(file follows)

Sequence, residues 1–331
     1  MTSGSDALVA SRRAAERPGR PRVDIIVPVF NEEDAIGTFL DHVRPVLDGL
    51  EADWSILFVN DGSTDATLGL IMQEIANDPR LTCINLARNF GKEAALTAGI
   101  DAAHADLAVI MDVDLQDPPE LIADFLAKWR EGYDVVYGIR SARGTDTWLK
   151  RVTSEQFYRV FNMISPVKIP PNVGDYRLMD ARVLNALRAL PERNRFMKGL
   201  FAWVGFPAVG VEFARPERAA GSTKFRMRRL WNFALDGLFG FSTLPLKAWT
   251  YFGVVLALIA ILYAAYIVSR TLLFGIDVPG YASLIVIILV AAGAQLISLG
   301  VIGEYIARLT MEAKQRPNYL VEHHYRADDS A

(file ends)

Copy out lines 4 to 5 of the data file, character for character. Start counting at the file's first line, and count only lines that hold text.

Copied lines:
   101  DAAHADLAVI MDVDLQDPPE LIADFLAKWR EGYDVVYGIR SARGTDTWLK
   151  RVTSEQFYRV FNMISPVKIP PNVGDYRLMD ARVLNALRAL PERNRFMKGL